More than a quarter of a million Americans
have died due to the novel coronavirus pandemic. In Colorado, as of Friday evening, there have been 188,566 cases and 2,745 deaths.
At the Rose Medical Center's intensive care unit in Denver, patients in critical condition are cared for around the clock by a small group of doctors, nurses and technicians.
Through glass walls and doors, I count eight patients. Two rooms are unoccupied. In most of the filled rooms, there is no movement. Some of the patients are in medically induced paralysis and comas because they are on ventilators. Others lie motionless with masks on their faces. One is sitting in a chair. Some have been there for weeks.
All live connected to small forests of machines, monitors, cables and hoses that deliver life-saving medications and data.
Hart Van Denburg/CPR News The COVID-19 intensive care unit at Rose Medical Center, Denver, Nov. 13, 2020.
None of these patients can have visitors; not on the floor, not peering through the glass windows, and certainly not at bedside. The only movement in the hallway and rooms comes from caregivers, who incessantly peel off and replace layers of plastic gowns, gloves, masks and face shields.
infections, hospitalizations and deaths have all climbed sharply since late summer, when public health restrictions eased. Now, cities, counties and school districts across the state have begun reinstating tougher restrictions.
Gov. Jared Polis has voiced concern about hospital capacity,
directing hospitals to prepare for a surge of patients and calling a special session for state lawmakers to address the pandemic's economic and public health fallout.
Like similar units all over the state and country, the Rose COVID-19 ICU is a place few people other than patients and caregivers will ever see.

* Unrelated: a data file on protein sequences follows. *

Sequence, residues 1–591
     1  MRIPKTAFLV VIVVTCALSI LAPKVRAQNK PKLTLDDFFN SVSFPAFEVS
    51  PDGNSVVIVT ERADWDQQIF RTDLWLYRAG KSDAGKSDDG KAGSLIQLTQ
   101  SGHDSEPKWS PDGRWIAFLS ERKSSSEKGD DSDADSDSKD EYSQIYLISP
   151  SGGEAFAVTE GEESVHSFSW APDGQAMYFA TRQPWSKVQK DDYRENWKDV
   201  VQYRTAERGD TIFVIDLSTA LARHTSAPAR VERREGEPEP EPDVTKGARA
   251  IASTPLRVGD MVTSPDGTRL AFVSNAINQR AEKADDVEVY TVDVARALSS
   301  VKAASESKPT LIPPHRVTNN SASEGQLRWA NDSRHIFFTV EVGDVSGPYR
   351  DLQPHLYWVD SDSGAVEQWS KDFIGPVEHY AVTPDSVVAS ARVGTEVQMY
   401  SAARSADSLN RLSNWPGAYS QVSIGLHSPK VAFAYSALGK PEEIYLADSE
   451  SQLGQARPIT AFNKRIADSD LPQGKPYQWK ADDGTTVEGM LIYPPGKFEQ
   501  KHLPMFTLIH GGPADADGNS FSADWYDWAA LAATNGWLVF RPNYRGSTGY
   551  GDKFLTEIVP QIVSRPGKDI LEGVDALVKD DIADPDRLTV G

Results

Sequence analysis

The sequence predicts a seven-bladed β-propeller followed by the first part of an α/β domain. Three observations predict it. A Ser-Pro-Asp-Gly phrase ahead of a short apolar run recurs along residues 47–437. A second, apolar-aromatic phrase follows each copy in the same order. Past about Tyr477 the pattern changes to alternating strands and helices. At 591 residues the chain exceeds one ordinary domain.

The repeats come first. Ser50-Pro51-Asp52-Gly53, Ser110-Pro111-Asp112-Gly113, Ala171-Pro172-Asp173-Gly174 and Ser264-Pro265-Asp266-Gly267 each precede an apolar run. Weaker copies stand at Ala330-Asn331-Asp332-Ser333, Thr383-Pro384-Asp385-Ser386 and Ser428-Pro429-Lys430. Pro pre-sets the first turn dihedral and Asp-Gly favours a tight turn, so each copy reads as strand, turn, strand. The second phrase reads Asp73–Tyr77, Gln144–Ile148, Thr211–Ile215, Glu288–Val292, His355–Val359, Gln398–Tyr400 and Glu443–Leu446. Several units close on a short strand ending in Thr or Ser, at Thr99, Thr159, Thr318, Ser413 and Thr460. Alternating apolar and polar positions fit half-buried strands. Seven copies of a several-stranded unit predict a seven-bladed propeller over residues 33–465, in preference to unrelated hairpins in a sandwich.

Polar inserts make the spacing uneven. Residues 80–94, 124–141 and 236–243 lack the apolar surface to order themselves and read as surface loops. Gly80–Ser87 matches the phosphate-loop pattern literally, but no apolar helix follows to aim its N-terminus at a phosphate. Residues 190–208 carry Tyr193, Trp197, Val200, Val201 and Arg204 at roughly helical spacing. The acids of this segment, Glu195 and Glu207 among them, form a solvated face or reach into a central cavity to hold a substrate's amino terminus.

Hart Van Denburg/CPR News Monica Wininger is the director of clinical care at Rose Medical Center’s intensive care unit, and has about 22 years of experience in nursing. She supervises care, manages the department, and has about 45 staff reporting to her. Hart Van Denburg/CPR News Kathyrn Stewart has been a nurse for 2 and a half years and worked in Austin, Texas, before coming to Rose in September. She's worked on the COVID-19 unit since then. Hart Van Denburg/CPR News Anna Hoppe is an RN at the Rose Medical Center COVID-19 intensive care unit. By sometimes peering through a glass wall to check on a patient, she avoids having to put on personal protective gear and enter the room -- saving the PPE for more crucial room entries, and saving time. Hoppe has been a nurse for 7 years, joining Rose in 2019. She has been working on the COVID unit since the start of the pandemic. Hart Van Denburg/CPR News Stewart, left, and respiratory therapist Joe Fitch look through the glass wall of a patient's room in the COVID-19 intensive care unit at Rose Medical Center, Denver, Nov. 13, 2020. Hart Van Denburg/CPR News Nurses at Rose Medical Center’s COVID 19 intensive care unit pull on gowns, gloves, face masks and shields, Denver, Nov. 13, 2020. Hart Van Denburg/CPR News Stewart, in full PPE, prepares to check on a patient’s kidney functions. The rooms are equipped with special heating, ventilation and air conditioning systems to meet ICU and COVID-level of care requirements. Hart Van Denburg/CPR News All of the state's virus infection numbers have climbed sharply since Labor Day, and have prompted cities, counties and school districts to begin re-implementing strict public health measures. Gov. Polis is concerned about hospital capacity and has issued an executive order to set up a process for hospitals should they begin running out of beds. Hart Van Denburg/CPR News Respiratory therapist Joe Fitch puts on full personal protective equipment as he gets ready to enter a patient's room at the COVID-19 intensive care unit at Rose Medical Center. As, doctors, nurses and technicians move from room to room, they peel all this PPE off, throw it away in special containers, then repeat the process with fresh gear for the next room. Hart Van Denburg/CPR News Respiratory therapist in Joe Fitch. Donning and doffing PPE and following all the infection prevention precautions on the COVID-19 ICU adds an additional layer to what is already a complex routine of caring for ICU patients. Hart Van Denburg/CPR News A nurse prepares a patient's medication. Rose is part of the HealthONE system, where the average length of stay for all COVID patients (ICU and non-ICU) has decreased from nearly 12 days during the spring peak to about 5.8 days now. Hart Van Denburg/CPR News After peeling off her PPE gown and gloves and leaving them in a special container, Stewart leaves a patient’s room. Hart Van Denburg/CPR News Recently used face shields in the COVID-19 intensive care unit at Rose Medical Center, Denver, Nov. 13, 2020. Some personal protective equipment are cleaned and sterilized for re-use. Hart Van Denburg/CPR News Nurses make notes on glass walls and doors in the ICU as a way to communicate with each other inside and outside patients' rooms. Hart Van Denburg/CPR News Fresh blankets for a patient in the COVID-19 intensive care unit. Hart Van Denburg/CPR News Jeff Hackworth, a cardiac sonographer, prepares to enter a patient’s room in the COVID0-19 intensive care unit at Rose Medical Center in Denver, where he will perform a heart ultrasound on a man in a medically induced paralysis and coma. Hart Van Denburg/CPR News Cleaning down workspaces in the4 COVID-19 intensive care unit at Rose Medical Center, Denver, Nov. 13, 2020. Hart Van Denburg/CPR News A room in the COVID-19 intensive care unit at Rose Medical Center awaits another patient. There are 10 rooms in the unit, and a hospital spokesman says the capacity remains stable and Rose hasn't needed to transition any other areas of the hospital to ICU status. As part of the HealthONE system, Rose has access to more resources, including other hospitals, if Rose is faced with a significant surge.